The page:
A dominatrix drug "queen" from Woodville and her P-dealing boyfriend have appealed against their sentences.
Jolene Rose, described at her Palmerston North High Court trial last year as a "methamphetamine queen" and her boyfriend, Sean Christiaan Murray, appealed against their sentences at the Court of Appeal at Auckland yesterday.
Last June, Rose, then 37, was sentenced to 20 years' imprisonment with a minimum term of 10 years, and had to forfeit more than $760,000 in cash she had hidden around her rural Woodville property.
She was found to have supplied at least 8.4 kilograms of methamphetamine.
Rose was accused of, but denied, dealing methamphetamine from August 2008, but pleaded guilty to a charge of possessing cannabis for the purpose of supply.
At her trial before a jury at the Hight Court at Palmerston North last April, she was found guilty of 22 charges including supplying methamphetamine, possessing the drug for supply and 20 firearms-related charges.
Murray, then 43, was sentenced to eight years' imprisonment after pleading guilty to 23 firearms and drugs-related charges.
At her Palmerston North trial, Rose's lawyer said she was a sex worker who offered dominatrix services and acted as a cannabis dealer.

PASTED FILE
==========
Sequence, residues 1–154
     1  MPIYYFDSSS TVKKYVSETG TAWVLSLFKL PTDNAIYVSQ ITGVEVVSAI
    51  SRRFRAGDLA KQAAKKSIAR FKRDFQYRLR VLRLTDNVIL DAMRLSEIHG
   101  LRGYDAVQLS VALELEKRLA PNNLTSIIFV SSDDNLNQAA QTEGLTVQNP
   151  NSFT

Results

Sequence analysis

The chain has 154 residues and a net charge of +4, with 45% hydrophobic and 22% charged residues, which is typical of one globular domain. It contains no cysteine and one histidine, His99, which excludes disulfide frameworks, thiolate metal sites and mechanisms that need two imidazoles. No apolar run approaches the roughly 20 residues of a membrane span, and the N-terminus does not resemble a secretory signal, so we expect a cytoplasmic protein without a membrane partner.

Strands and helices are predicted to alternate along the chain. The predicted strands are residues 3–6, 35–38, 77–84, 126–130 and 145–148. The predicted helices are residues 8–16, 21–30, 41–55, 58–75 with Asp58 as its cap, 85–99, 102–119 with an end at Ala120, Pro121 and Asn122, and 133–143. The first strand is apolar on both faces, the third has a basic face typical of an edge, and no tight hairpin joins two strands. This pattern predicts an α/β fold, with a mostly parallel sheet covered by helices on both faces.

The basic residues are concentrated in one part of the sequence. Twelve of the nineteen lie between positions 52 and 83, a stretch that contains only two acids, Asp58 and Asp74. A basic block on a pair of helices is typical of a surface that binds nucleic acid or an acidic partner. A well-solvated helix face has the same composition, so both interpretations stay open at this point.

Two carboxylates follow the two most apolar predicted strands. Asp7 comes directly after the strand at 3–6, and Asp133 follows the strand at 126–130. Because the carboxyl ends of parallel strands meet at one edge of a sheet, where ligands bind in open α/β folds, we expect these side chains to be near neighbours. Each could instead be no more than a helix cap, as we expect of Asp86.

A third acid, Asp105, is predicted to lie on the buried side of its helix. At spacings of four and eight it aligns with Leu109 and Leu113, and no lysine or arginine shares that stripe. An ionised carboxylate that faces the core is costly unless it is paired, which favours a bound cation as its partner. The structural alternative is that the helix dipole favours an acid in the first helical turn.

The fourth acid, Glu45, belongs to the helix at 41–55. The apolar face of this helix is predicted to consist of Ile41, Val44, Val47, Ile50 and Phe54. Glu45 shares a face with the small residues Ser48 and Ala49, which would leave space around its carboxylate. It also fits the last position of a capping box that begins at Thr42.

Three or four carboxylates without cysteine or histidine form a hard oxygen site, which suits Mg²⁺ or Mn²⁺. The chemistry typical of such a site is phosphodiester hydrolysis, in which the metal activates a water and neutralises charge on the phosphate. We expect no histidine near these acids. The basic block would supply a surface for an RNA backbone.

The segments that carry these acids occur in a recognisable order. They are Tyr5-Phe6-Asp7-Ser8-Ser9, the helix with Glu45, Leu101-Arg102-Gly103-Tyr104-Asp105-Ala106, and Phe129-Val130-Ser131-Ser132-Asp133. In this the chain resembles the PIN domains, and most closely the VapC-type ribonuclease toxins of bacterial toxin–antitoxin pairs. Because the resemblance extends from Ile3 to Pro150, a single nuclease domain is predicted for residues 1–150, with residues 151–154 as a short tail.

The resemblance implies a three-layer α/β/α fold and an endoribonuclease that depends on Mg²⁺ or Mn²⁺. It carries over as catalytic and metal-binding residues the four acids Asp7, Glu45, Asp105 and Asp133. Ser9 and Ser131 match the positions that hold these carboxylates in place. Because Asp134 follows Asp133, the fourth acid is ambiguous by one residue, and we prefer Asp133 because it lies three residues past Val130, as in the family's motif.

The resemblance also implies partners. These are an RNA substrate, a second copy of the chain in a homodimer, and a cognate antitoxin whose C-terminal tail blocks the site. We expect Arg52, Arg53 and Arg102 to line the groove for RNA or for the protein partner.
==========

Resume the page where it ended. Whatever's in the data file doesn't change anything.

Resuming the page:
However, Crown prosecutor Daniel Flinn described her as "the methamphetamine queen" and Murray, "the methamphetamine king".
Together, they presided over a drug empire involving the sale of millions of dollars worth of methamphetamine, Mr Flinn said.
At the Court of Appeal at Auckland yesterday, Rose's lawyer Dr Donald Stevens QC said her sentence was manifestly excessive.
The quantity of methamphetamine involved in the offending was determined by the judge without giving Rose's counsel an opportunity to be heard on the issue, Dr Stevens said.
The period of time over which the offending took place was also determined without sufficient evidence, and cash found at the property was deemed profit from dealing methamphetamine, as opposed to turnover, Dr Stevens said.
Murray's lawyer Paul Surridge said at sentencing that his client received a substantially high starting point - 12 years - considering his role in the offending.
"He was not a runner, he was not an in-between person, he was not an accountant, he didn't even bury the cash."
Murray was the man in charge of security and "taking the garbage out" who had an unhealthy interest in firearms, Mr Surridge said.
He had pleaded guilty to the drugs charges only out of a mistaken sense of loyalty to Rose, his lawyer said.
Crown lawyer Peter Marshall said there was a "wealth of evidence" to suggest Rose was running a "massive operation" and her sentence was "well within the available range".
Murray's sentence was also well within the appropriate range, given he purchased vehicles and furniture for the operation, set up sophisticated security systems, supplied a huge number (23) of firearms and introduced new clients, Mr Marshall said.
Court of Appeal Justices Patrick Keane, Lynton Stevens and Pamela Andrews reserved their decision.